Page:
Recently we were watching one of our favorite television series: Billions. Bobby Axelrod, a hedge fund manager included his employee Spyros in an important pitch. Spyros wore an air of self-importance and a jaunty hat. He blew the pitch by using pedantic, self-conscious language.
A pedant in the ancient world was an in-house teacher or schoolmaster. In the sixteenth century, Italians introduced this character into comedies. They wrote the pedant as one overly concerned with rules instead of clarity, and one who is ostentatious, even arrogant.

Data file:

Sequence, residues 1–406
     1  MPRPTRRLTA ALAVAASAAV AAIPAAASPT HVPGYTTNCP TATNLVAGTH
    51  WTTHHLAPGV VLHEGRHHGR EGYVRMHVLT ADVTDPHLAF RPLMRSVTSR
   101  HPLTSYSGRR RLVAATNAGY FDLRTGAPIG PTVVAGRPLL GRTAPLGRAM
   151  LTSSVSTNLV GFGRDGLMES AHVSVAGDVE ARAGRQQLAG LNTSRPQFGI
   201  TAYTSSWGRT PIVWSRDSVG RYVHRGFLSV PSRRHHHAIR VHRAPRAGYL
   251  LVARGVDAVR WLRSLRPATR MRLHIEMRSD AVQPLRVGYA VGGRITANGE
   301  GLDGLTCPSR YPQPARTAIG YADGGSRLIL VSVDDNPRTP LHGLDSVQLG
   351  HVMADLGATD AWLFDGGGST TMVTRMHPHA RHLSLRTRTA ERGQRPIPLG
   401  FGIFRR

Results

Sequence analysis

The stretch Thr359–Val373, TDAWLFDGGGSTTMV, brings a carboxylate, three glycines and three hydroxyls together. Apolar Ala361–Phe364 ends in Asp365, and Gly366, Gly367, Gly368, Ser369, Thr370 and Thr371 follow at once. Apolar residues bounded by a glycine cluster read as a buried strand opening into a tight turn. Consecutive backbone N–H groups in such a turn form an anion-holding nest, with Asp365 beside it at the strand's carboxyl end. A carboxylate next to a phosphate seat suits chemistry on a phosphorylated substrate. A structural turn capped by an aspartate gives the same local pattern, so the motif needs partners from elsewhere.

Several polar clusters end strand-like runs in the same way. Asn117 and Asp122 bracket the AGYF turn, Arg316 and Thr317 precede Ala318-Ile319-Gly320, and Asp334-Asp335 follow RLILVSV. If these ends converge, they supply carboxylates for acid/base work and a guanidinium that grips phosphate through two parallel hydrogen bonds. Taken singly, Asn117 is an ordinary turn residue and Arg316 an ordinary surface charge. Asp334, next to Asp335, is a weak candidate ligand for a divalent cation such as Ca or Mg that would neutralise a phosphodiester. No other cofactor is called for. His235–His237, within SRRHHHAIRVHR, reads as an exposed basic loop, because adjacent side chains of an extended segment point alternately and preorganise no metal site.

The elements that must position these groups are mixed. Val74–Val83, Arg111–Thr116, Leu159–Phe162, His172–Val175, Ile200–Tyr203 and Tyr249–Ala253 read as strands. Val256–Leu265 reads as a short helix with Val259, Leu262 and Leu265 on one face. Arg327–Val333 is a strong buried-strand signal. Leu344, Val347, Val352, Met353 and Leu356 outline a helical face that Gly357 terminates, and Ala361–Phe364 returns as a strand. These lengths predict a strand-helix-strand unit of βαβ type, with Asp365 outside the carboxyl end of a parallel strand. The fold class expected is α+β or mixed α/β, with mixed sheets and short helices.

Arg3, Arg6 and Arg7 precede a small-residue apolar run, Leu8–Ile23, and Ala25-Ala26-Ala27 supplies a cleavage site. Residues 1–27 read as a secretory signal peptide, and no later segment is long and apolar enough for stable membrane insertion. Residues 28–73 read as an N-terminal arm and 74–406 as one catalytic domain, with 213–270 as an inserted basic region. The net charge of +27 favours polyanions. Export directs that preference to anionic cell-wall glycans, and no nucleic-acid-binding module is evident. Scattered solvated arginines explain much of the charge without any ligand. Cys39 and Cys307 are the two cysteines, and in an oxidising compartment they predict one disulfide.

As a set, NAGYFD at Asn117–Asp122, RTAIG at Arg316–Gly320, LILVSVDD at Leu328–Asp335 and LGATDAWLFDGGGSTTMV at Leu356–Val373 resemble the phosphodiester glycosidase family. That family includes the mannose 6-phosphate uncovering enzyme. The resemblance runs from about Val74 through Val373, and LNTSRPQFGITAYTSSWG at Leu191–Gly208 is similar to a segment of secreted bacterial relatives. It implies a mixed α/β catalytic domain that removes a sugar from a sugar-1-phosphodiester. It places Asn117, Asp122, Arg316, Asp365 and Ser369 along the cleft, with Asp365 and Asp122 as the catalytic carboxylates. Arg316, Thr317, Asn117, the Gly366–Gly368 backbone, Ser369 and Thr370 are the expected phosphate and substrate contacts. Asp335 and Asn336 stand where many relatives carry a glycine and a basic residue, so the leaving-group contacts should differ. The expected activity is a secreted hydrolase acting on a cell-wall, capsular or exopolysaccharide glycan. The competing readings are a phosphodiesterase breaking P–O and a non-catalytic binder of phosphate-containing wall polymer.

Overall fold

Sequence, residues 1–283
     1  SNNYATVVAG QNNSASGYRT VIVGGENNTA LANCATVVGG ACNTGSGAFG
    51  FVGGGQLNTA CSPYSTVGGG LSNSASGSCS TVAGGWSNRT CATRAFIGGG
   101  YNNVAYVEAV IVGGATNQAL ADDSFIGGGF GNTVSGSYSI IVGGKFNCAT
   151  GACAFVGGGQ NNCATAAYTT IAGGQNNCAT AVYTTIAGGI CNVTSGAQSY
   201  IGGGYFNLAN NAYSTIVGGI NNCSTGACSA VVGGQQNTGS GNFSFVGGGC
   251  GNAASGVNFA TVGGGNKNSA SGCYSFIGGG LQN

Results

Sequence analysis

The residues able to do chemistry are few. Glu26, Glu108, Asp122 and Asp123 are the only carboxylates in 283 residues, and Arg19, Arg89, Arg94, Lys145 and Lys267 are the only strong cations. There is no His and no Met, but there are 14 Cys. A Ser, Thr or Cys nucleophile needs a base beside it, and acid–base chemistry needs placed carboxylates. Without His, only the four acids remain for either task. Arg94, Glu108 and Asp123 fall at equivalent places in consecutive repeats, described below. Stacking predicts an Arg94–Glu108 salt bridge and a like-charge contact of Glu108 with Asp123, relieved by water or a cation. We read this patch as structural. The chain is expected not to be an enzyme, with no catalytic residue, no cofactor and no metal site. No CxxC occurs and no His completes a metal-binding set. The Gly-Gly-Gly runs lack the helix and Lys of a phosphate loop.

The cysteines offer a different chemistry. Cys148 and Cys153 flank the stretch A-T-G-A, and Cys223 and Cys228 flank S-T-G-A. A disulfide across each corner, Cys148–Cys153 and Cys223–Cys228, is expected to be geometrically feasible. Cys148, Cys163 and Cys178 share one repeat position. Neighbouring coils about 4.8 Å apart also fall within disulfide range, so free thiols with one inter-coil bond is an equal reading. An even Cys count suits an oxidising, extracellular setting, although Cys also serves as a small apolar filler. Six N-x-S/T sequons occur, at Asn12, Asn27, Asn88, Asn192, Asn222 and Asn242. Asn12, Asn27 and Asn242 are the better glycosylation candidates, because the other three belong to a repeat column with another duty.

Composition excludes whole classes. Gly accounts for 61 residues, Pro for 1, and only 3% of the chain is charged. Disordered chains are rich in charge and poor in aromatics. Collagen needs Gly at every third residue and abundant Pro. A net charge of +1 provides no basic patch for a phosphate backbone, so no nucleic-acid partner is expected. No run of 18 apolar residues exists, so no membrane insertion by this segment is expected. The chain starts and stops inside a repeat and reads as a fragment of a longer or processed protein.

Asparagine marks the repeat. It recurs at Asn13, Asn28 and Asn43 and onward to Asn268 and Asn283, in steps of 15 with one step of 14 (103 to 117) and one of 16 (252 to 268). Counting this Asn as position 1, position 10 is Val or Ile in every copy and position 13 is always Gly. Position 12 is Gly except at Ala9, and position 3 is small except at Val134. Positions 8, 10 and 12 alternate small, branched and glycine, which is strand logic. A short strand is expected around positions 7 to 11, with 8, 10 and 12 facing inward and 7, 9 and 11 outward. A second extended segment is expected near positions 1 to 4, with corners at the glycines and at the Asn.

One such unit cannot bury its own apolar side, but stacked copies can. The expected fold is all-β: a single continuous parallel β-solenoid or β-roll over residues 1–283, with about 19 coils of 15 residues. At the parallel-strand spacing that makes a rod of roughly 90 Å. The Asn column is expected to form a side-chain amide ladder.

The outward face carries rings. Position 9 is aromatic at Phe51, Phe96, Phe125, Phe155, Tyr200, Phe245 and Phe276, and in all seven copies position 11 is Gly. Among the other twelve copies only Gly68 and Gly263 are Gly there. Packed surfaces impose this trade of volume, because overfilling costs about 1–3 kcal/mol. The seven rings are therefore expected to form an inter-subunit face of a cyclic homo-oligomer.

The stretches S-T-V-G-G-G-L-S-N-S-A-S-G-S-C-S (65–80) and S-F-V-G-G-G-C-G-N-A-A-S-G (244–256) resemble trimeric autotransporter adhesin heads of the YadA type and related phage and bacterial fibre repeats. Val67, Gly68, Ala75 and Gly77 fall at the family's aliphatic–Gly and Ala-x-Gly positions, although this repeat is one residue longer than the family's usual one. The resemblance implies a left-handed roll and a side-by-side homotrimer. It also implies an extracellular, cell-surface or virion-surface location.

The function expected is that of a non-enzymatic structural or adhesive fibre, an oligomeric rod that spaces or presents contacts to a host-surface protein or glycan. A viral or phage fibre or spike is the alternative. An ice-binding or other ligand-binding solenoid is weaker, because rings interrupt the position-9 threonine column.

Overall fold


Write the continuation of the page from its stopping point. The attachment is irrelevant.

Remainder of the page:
Translate that to today’s world, where many professionals rely on educating clients rather than empathizing with them and addressing their
challenges. These experts may never get to partner or make recommendations because the audience, client or customer tunes them out. Shakespeare always set up the pedant for ridicule because they were unlikable. Focus your knowledge on what will serve your client. That will make you listened to, appreciated, and your wisdom will be considered of real value.